Participation by more than 200 American companies at the U.S. International Pavilion here at the Farnborough airshow underscores the strong resurgence of the North American aerospace industry after two years of economic turmoil, organizers and delegates said.
In a bid to bolster the market for alternative fuels, two of the world's largest consumers of jet-A have formed a strategic alliance: the U.S. Air Transport Association and the U.S. Department of Defense. According to ATA president James May, environmental considerations and rising prices for petroleum-based fuel motivated the agreement signed last month.
As government and industry plan for more environmentally friendly energy sources, companies continue to invest in and research alternative fuels for aviation. The U.S. Air Force, one of the government’s largest consumers of fuel, for example, has set a goal that 50 percent of its fuel purchases be composed of domestic synthetic fuel blends by 2016, while IATA has presented a target of 10-percent alternative fuel use for its members by 2017.
The University of Dayton Research Institute (UDRI) was awarded a nearly $50 million six-year research grant from the Air Force to develop advanced fuels and combustion technologies. A key area in the UDRI program will be the development, validation and field testing of synthetic fuels, including biofuels from varied feed stocks.
The University of Dayton Research Institute (UDRI) has been awarded a nearly $50 million six-year research grant from the Air Force to develop advanced fuels and combustion technologies. The award follows last year’s $10 million contract with the Air Force Research Laboratory to design and operate the new Assured Aerospace Fuels Research Laboratory at nearby Wright-Patterson AFB.
How many coconuts does a Boeing 747 need to fly from London to Amsterdam?
Last year amid much fanfare, a Virgin Atlantic 747-400 with one of its four engines fueled by a mix of 80 percent jet-A and 20 percent coconut and babassu oils flew the route in 40 minutes. Had all four engines been flying on biofuels alone, it would have required the oil from several million coconuts.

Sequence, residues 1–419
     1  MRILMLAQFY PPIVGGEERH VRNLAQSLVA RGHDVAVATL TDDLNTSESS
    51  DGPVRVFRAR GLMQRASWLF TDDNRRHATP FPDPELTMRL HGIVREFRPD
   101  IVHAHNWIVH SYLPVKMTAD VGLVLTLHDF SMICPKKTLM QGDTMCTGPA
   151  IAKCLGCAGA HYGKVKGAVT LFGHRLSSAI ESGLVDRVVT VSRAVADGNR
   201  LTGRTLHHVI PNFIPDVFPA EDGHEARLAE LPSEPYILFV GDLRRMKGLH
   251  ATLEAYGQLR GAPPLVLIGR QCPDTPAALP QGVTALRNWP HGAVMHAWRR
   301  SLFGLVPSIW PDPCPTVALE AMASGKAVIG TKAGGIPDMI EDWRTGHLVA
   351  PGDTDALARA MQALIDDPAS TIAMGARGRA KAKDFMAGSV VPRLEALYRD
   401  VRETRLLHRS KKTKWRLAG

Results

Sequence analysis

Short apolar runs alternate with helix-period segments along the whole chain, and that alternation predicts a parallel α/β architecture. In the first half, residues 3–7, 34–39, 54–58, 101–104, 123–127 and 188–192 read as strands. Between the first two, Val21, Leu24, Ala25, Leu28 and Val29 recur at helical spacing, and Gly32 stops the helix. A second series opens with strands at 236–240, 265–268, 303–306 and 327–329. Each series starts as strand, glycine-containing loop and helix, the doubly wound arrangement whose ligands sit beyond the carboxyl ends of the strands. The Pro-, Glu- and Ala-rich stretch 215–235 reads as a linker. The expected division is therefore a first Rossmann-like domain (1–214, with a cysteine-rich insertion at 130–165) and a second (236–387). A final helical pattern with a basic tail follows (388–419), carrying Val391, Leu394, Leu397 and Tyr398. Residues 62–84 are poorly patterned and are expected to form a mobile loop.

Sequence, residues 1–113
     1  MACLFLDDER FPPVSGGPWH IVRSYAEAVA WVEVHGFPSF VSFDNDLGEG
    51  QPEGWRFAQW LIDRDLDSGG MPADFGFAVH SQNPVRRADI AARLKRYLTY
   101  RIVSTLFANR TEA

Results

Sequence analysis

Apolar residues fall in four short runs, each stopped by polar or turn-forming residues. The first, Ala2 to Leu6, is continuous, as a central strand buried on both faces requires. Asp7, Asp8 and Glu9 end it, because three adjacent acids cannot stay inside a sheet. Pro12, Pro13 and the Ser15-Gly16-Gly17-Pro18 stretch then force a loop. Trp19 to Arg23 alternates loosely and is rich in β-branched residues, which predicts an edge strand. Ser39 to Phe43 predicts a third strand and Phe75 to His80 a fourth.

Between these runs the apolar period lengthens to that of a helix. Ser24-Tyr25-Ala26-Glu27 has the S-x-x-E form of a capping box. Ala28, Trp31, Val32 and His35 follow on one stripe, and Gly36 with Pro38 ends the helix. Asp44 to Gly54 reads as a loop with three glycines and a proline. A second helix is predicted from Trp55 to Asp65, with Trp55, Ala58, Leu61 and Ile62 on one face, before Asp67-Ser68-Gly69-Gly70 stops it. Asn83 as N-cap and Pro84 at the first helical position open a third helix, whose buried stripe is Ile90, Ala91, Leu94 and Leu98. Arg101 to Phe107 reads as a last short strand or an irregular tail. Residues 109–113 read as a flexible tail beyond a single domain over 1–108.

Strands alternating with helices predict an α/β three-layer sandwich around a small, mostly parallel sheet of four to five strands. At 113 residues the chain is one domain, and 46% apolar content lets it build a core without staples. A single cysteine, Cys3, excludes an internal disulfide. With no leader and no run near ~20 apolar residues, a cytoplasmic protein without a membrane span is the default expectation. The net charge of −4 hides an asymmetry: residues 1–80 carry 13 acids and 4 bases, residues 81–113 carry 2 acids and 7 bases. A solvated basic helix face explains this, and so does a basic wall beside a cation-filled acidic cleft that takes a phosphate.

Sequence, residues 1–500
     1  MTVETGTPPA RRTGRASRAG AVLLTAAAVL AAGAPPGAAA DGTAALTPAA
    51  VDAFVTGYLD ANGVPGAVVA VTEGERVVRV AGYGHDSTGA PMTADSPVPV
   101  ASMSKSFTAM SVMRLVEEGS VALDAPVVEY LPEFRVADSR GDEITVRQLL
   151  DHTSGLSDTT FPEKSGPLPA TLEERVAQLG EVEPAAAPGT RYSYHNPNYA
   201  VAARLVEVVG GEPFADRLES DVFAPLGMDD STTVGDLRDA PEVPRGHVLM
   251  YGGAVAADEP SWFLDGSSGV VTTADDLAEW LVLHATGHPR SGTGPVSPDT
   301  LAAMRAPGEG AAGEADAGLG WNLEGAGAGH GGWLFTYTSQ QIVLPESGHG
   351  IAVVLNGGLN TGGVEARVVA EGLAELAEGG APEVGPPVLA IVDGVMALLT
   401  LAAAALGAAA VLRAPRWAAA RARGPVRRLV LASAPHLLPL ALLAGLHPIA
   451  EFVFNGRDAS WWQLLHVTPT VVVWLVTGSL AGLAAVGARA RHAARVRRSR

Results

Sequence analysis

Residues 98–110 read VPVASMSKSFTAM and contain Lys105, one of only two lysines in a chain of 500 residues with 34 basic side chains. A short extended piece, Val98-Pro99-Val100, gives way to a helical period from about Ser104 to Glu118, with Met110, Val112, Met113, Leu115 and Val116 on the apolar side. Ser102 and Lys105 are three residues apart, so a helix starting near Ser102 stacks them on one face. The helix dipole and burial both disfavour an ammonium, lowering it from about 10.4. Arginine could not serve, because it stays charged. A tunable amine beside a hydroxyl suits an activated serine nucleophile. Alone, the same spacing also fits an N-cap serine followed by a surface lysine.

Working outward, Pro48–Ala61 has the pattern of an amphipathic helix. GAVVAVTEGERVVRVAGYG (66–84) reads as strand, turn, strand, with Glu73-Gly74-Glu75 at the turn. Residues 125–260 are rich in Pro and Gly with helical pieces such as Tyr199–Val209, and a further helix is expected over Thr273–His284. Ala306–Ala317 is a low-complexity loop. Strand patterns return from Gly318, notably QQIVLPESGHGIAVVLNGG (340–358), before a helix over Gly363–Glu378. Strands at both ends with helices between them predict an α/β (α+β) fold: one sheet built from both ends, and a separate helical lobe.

Honeywell last month said it completed initial testing of renewable jet fuel on its 131-9 APU and TFE731-5 turbofan engine. Bob Smith, vice president for advanced technology, said the company had seen “no degradation in engine performance or fuel consumption.” The biofuel was produced by Honeywell’s UOP unit using oil from jatropha plants and algae.
With Europe set to begin cap-and-trade of aviation emissions in 2012, and Congress working on legislation that would cap the greenhouse gases that have been linked to global warming, Conklin & de Decker cofounder and president Bill de Decker is sounding the alarm for just how seriously the plans could affect business aviation.
Honeywell Aerospace is gearing up for biofuel tests on its APUs and engines this summer in a bid to stay ahead of the alternative fuel push. The company plans to run a business jet engine and an airliner APU fueled by a mix of jatropha and algae oils from sister company UOP, which has blended various fuels for more than 100 years.
Honeywell Aerospace is gearing up for biofuel tests on its APUs and engines this summer in a bid to stay ahead of the alternative fuel push. But this kind of testing isn’t entirely foreign at the company–over the past few years it has been running military aircraft APUs and engines on jet fuel made from coal and natural gas for the U.S. Air Force.